Time to call stumps on Cricket Australia’s rotation policy

Date: January 7, 2013 / Posted by Glenn Mitchell

It is a complete and utter fallacy to say that bowlers nowadays have greater workloads than players of the past.

It is the workload argument that is the primary reason for Cricket Australia’s latest innovation – the oft questioned, and dare I say criticized, rotation policy.

It is a policy that has not been designed by cricket people but by sports scientists and biomechanists.

The rationale behind this new fad is the thing that troubles me.

Let’s, for arguments sake, have a look at workloads of cricketers in days past.

And keeping in mind that the rotation policy centres around pace bowlers that is what we will compare.

If you go back to the immediate post-war period you can get some astronomical figures with regard to the number of balls delivered by English bowlers during their careers – Alec Bedser delivered 106,118 deliveries in 485 first-class matches, Brian Statham 100,955 in 559, and Fred Trueman 99,700 in 603.

But let’s move further forward and look at some more recent bowlers:

                                  f/c matches         balls        List A matches         balls            Total balls

G McKenzie                383                 76,888              151                    7,515               84,403

J Snow                         346                 60,958              182                   8,882               69,840

R Willis                        328                 47,986              293                 14,983               62,969

M Marshall                 408                 74,645              440                 22,332               96,977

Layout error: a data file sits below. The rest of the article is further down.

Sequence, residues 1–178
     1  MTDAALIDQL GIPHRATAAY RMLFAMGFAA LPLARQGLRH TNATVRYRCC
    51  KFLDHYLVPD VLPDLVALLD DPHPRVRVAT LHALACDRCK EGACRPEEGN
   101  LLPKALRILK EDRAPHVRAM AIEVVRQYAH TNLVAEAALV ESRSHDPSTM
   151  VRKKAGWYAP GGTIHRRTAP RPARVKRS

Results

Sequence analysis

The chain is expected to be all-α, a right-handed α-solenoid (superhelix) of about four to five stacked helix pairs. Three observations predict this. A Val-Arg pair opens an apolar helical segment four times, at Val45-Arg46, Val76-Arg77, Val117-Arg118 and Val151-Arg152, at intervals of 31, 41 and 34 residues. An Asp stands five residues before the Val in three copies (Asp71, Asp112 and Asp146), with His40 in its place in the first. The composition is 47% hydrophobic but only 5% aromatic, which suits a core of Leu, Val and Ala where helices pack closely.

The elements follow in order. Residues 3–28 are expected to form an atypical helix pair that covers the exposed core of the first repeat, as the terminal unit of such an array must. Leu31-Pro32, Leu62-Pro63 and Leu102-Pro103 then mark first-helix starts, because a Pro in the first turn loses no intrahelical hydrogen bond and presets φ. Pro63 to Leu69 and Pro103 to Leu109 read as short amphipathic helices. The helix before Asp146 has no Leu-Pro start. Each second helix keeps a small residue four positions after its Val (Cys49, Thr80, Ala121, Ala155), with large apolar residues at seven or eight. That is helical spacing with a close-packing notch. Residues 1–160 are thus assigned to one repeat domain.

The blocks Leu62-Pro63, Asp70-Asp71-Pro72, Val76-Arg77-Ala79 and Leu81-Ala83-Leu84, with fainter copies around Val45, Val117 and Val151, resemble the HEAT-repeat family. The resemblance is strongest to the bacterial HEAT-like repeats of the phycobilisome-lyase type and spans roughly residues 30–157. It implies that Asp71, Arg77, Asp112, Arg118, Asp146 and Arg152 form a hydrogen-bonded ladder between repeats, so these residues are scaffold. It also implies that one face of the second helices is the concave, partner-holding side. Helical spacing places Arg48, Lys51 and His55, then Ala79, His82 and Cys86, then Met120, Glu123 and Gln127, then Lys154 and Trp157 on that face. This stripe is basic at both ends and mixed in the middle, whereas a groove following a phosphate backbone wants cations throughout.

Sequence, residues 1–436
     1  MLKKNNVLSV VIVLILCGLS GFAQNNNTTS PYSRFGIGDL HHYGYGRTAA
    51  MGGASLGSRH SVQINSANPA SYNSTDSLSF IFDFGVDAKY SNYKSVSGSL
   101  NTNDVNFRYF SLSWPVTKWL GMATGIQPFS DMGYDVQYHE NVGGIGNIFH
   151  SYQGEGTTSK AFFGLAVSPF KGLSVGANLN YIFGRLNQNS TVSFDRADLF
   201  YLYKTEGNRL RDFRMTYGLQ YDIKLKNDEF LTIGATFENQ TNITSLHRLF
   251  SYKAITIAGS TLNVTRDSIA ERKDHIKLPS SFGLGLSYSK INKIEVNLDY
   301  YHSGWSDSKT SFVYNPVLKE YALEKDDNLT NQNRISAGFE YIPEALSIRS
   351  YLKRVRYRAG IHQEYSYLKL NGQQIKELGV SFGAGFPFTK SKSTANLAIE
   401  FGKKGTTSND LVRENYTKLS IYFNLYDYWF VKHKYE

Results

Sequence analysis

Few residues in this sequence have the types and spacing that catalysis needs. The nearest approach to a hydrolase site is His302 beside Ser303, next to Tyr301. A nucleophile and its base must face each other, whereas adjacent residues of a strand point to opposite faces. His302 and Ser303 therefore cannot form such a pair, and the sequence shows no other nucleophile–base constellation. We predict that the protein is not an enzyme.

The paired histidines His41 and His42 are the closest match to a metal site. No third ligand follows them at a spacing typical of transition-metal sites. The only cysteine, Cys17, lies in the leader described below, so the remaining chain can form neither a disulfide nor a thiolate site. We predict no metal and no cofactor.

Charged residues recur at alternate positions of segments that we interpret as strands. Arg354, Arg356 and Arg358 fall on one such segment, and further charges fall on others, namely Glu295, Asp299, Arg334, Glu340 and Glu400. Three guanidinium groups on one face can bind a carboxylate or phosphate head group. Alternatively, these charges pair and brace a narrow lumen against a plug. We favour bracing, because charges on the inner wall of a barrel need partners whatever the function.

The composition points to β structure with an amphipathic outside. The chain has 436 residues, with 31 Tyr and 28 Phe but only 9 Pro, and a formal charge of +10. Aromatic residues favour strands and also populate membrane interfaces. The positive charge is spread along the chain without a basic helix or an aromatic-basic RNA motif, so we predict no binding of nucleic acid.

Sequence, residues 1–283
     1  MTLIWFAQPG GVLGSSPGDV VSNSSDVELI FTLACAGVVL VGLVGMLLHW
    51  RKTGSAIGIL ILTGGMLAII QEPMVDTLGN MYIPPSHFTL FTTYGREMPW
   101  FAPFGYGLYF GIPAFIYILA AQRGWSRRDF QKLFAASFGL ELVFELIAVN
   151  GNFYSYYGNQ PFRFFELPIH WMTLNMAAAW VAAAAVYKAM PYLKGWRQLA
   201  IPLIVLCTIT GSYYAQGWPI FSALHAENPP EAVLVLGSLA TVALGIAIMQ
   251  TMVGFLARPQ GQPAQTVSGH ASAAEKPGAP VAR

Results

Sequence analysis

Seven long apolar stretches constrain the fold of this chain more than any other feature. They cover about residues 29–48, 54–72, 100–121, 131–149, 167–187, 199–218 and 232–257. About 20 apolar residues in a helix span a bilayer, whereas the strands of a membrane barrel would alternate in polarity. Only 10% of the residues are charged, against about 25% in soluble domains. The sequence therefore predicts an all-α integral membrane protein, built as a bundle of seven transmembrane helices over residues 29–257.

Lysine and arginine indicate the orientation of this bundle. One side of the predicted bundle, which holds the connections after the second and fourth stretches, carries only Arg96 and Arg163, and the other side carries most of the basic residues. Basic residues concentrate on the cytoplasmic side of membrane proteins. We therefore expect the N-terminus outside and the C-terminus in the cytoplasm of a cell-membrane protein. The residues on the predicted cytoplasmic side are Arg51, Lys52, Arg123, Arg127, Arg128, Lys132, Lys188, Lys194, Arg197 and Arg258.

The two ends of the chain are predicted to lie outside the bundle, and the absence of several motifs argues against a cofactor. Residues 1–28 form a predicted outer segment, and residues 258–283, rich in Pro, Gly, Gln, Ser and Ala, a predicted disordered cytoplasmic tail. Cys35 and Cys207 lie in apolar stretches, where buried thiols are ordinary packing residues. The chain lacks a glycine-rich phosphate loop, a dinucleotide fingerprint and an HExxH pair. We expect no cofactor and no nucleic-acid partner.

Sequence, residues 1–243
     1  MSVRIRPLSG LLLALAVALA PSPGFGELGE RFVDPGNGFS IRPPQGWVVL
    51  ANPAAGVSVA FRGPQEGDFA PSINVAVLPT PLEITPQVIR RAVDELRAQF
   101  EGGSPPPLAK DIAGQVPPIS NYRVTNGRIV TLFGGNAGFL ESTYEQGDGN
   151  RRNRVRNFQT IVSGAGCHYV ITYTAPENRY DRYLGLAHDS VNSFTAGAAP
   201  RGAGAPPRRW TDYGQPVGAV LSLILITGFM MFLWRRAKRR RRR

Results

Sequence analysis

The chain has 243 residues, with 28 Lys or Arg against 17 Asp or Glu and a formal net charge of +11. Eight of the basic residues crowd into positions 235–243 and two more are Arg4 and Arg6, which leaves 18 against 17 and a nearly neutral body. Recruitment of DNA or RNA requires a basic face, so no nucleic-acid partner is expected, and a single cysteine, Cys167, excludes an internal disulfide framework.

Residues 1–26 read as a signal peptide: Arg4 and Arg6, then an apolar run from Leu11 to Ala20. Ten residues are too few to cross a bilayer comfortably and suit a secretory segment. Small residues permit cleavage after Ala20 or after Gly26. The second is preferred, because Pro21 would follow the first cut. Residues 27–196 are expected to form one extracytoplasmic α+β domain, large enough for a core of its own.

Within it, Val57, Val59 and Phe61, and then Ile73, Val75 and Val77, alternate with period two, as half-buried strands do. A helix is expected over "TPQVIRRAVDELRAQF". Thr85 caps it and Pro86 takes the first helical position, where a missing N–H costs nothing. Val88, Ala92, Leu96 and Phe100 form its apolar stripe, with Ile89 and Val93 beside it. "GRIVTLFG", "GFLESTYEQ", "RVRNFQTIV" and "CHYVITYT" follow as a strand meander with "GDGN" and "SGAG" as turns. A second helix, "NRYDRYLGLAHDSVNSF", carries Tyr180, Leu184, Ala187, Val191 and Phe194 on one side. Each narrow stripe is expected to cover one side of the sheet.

C Walsh                      429                  85,443              440                 21,881             107,324

Waqar Younis            228                   39,182              411                  19,811                 8,993

Wasim Akram             257                  50,277              594                 29,719               79,996

D Gough                     248                 44,023               420                20,665               64,688

A Donald                    316                  58,801               458                22,856                81,657

A Caddick                   275                  59,663               262                12,827                72,490

Even more interesting is the number of deliveries and workload that was undertaken by all-rounders back in the 1970s and ‘80s. Unfortunately there is no definitive number of balls bowled for Richard Hadlee, but one would imagine they would be on a par, if not greater, than the other great all-rounders of the period:

                                   f/c matches      balls          List A matches         balls            Total balls

I Botham                     402               63,547              470                    22,899              86,446

Imran Khan                 382             65,224               425                     19,122              84,346

Kapil Dev                    275               48,853              310                     14,947               63,800

When you consider that the ‘Great Four’ also had to spend many hours at the crease as batsmen the work that they did with the ball is quite incredible when compared to the specialist bowlers who have been listed above.

And what about the figures for contemporary all-rounders, of which there aren’t all that many:

                                f/c matches      balls        List A matches           balls             Total balls

S Pollock                     186        39,067                    435                 21,588              60,655

J Kallis                        249        28,238                    417                 13,559               41,797